Warren Woods Natural Area
In 1879 and only seven years after the country’s first national park, Yellowstone, was established, Edward K. Warren was purchased Warren Woods. Warren at the time was a partner of a general store in Three Oaks and knew that the woods represented one of the last surviving stands of virgin beech and maple left in the state. Everything else had been logged.
Warren held onto the area, despite financial problems, and eventually he developed a process that substituted turkey-wing feathers for the increasingly scarce whalebone in women’s corsets. He set up the Warren Featherbone Company and made a fortune at the turn of the century. He promptly used much of his profits to buy duneland along Lake Michigan, which bankrupt farmers were letting go to the state for back taxes of less than $25.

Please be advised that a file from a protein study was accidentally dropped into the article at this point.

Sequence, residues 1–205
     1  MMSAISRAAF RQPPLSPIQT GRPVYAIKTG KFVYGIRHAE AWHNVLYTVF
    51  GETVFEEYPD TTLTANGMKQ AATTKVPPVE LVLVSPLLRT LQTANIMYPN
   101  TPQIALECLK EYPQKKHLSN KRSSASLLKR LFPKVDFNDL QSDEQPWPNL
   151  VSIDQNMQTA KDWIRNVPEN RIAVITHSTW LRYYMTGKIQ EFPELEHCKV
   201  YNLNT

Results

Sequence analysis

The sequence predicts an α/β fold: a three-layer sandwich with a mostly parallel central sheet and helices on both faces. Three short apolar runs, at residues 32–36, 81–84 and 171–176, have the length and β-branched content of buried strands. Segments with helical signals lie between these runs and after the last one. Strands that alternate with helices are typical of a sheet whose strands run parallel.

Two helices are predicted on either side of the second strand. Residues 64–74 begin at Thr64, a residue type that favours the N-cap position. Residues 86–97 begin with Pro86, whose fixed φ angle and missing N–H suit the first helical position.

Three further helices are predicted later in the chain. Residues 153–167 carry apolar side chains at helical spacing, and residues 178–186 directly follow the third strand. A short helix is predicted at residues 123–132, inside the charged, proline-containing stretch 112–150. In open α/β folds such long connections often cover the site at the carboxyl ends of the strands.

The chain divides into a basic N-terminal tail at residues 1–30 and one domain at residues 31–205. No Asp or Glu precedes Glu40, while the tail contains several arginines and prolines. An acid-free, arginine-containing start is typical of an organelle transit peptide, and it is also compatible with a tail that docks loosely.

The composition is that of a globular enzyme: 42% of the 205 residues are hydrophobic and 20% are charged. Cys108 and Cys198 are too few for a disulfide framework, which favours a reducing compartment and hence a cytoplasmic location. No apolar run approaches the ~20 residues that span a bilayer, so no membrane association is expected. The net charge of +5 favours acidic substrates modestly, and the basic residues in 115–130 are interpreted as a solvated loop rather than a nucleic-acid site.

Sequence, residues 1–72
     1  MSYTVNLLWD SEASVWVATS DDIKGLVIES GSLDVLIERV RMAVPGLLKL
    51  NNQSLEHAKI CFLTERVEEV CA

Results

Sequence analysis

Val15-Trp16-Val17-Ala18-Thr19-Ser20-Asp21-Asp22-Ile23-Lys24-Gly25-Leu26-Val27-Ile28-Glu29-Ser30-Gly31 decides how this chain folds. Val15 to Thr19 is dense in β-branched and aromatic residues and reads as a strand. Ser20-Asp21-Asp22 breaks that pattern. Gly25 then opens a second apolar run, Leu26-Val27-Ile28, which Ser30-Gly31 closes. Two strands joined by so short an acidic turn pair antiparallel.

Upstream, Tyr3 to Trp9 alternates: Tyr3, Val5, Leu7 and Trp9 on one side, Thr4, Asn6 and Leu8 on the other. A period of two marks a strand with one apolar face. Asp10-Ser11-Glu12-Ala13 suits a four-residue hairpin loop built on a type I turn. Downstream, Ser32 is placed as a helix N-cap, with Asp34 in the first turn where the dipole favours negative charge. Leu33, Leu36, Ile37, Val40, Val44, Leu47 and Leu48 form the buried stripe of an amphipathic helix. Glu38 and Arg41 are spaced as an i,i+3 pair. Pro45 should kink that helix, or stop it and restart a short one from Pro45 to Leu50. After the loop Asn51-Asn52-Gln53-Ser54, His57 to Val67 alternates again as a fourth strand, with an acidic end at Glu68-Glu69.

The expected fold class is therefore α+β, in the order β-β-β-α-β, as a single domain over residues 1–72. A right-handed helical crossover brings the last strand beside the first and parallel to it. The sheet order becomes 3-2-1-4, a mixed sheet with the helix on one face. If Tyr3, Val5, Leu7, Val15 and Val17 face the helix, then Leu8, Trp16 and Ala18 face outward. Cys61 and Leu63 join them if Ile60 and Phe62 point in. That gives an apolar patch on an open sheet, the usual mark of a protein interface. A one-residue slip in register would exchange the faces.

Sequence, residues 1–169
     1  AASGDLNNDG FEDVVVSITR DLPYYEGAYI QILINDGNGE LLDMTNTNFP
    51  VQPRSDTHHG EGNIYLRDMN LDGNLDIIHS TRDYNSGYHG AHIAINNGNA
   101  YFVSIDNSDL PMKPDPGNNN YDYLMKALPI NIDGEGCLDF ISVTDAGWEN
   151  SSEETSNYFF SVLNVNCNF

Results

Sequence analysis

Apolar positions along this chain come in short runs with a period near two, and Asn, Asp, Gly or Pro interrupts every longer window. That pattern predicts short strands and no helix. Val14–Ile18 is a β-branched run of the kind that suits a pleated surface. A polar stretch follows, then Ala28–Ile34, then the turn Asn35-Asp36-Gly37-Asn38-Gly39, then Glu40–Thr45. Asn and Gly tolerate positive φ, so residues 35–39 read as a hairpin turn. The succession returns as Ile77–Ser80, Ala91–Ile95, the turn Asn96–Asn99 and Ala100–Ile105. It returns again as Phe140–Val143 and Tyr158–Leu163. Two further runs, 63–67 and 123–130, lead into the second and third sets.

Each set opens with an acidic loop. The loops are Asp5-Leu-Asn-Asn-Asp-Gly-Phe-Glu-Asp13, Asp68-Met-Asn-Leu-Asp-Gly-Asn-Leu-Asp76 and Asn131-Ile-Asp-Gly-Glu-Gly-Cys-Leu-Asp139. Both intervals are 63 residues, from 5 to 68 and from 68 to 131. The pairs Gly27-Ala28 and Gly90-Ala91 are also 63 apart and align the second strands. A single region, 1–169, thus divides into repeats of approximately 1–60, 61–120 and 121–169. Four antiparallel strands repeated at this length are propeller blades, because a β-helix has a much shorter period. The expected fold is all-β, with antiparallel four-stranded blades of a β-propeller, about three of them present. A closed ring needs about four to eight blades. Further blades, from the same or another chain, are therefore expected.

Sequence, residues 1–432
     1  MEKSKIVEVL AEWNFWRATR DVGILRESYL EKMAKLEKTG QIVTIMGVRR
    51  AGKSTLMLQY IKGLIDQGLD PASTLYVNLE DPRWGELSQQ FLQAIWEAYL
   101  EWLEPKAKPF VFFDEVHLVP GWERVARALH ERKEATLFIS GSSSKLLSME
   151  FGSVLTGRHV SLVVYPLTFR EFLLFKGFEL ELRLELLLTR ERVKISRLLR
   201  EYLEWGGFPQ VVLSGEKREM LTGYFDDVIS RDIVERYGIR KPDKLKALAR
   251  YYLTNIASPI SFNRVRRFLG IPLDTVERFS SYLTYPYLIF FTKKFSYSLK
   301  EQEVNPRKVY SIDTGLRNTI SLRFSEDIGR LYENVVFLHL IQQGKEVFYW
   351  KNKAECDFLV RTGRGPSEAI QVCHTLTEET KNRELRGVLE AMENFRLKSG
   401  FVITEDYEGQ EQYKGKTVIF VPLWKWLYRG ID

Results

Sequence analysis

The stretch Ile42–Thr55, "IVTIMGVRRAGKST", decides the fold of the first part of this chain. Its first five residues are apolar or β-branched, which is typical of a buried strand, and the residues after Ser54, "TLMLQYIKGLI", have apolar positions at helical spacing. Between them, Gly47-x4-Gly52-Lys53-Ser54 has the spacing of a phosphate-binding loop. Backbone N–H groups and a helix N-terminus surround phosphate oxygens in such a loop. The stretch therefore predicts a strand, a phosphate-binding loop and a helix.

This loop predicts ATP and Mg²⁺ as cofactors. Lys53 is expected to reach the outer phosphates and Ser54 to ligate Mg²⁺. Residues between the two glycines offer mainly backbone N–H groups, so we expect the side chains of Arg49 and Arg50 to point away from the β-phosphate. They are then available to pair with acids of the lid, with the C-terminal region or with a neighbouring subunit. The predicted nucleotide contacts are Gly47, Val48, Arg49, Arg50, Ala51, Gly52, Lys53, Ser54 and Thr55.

The vision of this general-store merchant was incredible. Today the dunes that were worthless in the early 1900s are Warren Dunes State Park. That state park also manages his other acquisition; Warren Woods Natural Area.
Located 7 miles inland, this 311-acre wooded tract is a complete contrast to the state park on Lake Michigan; no towering dunes, but also no crowds, overflowing parking lots, and filled-to-capacity campgrounds. Amazingly, the natural area can be a quiet spot even at the height of the summer season when rangers are turning away visitors at the state park.
|Difficulty - Easy|